If you're the savvy kind of mom who prepares and refrigerates bottles for the day in advance, you'll probably want to bring it up to room temperature before serving. Rather than purchase a bottle warmer, our editors say the old-fashioned method works incredibly well: Just plunge the sealed bottle in a bowl of warm water for a few minutes and—voila!—it's ready to serve.



Another great tip? Shop the Comforts line on Comfortsforbaby.com to find premium baby products for a fraction of competitors' prices. Or, follow @comfortsforbaby for more information!

This article was sponsored by The Kroger Co. Thank you for supporting the brands that support Motherly and mamas.

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It's science: Why your baby stops crying when you stand up

A fascinating study explains why.

When your baby is crying, it feels nearly instinctual to stand up to rock, sway and soothe them. That's because standing up to calm babies is instinctual—driven by centuries of positive feedback from calmed babies, researchers have found.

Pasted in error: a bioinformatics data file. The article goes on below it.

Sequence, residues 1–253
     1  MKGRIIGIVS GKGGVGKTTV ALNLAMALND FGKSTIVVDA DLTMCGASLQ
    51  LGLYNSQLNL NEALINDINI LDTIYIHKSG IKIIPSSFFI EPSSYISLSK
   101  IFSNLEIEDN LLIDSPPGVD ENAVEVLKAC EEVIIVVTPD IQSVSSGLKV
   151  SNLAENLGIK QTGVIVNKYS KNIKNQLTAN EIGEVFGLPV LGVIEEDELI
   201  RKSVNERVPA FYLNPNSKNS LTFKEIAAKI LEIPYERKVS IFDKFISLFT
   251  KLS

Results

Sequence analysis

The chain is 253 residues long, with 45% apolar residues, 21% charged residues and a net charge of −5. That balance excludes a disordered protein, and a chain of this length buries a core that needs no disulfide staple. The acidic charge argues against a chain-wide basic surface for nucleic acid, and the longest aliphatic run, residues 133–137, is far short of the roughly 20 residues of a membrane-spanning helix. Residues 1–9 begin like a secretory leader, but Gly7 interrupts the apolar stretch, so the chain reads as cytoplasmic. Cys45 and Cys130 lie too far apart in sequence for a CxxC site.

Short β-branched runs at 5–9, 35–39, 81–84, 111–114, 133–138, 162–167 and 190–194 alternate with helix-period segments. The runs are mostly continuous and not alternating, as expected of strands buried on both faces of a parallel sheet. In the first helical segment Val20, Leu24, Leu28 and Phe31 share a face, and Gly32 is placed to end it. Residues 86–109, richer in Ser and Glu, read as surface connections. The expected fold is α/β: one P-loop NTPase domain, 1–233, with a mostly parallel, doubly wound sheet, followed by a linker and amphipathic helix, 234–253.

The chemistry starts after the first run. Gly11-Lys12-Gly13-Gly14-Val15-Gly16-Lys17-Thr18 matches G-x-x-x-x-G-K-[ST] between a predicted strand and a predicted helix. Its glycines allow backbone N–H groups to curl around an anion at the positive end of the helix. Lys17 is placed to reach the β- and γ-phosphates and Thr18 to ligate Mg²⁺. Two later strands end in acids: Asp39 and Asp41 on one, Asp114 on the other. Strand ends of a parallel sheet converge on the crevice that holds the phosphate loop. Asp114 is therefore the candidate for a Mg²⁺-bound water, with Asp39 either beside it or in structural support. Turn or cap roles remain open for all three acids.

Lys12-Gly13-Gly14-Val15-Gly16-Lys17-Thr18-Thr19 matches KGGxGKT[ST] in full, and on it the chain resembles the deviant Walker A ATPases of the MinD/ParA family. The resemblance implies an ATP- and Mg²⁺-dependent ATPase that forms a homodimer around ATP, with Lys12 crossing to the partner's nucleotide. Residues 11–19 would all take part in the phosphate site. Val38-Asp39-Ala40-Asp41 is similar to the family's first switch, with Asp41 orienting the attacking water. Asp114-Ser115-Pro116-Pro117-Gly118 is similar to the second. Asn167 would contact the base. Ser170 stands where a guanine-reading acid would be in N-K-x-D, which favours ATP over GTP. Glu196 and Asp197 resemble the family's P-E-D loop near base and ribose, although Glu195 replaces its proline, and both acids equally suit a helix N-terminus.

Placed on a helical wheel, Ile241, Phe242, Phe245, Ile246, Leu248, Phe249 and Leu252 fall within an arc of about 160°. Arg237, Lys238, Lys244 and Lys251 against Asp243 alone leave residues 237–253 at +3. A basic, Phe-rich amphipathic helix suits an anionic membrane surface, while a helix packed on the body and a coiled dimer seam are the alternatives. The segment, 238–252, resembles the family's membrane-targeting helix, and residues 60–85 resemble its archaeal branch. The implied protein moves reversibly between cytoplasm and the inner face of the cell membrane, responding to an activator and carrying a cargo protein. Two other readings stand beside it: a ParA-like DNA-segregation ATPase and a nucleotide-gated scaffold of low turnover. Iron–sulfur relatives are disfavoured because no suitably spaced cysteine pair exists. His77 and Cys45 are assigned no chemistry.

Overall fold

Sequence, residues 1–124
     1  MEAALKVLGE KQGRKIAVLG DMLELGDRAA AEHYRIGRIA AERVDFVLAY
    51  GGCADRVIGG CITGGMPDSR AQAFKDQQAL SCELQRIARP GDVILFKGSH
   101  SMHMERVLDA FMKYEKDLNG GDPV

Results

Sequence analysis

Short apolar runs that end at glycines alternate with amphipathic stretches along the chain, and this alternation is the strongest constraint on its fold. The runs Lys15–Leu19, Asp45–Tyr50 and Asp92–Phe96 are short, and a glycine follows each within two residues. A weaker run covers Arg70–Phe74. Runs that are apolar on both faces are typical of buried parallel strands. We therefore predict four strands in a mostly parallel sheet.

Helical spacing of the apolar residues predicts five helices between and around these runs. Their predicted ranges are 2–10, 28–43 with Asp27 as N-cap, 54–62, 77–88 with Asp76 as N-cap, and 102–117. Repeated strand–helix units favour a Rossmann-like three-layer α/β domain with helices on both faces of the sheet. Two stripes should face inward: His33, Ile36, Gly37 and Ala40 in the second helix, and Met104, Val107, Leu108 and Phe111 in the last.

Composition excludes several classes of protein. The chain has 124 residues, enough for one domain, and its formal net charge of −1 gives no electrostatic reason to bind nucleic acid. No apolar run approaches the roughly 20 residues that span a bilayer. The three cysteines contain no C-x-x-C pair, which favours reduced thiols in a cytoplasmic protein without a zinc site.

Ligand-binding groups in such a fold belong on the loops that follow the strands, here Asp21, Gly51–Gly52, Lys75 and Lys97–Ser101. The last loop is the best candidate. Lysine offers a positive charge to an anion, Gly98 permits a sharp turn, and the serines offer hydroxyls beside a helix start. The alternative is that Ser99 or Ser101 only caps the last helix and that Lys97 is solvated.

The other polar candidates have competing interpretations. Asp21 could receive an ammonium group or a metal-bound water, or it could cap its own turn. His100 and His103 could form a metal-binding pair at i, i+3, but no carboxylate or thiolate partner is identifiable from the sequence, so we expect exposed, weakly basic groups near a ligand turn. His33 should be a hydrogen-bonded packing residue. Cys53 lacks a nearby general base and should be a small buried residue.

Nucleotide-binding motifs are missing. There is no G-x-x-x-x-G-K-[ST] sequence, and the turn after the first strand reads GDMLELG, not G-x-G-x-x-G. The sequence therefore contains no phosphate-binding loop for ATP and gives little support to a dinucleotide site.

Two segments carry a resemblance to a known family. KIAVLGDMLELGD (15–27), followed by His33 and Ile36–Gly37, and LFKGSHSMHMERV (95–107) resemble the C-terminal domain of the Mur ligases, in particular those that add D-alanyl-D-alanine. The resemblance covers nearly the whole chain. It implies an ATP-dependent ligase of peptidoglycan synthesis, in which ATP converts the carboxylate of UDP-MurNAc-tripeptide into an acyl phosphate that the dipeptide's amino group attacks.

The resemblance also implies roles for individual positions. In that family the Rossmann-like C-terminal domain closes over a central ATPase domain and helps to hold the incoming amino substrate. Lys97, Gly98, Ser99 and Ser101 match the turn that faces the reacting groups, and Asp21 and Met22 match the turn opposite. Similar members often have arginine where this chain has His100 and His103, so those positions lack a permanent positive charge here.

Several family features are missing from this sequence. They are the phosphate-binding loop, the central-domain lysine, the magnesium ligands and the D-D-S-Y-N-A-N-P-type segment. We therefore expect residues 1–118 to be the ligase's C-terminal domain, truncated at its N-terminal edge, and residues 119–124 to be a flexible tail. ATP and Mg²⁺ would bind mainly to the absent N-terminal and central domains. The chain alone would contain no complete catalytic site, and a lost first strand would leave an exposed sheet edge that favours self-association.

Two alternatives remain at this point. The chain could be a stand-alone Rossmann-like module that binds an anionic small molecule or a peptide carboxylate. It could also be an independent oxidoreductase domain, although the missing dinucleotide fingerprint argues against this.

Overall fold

"Infants under 6 months of age carried by a walking mother immediately stopped voluntary movement and crying and exhibited a rapid heart rate decrease, compared with holding by a sitting mother," say authors of a 2013 study published in Current Biology.

Even more striking: This coordinated set of actions—the mother standing and the baby calming—is observed in other mammal species, too. Using pharmacologic and genetic interventions with mice, the authors say, "We identified strikingly similar responses in mouse pups as defined by immobility and diminished ultrasonic vocalizations and heart rate."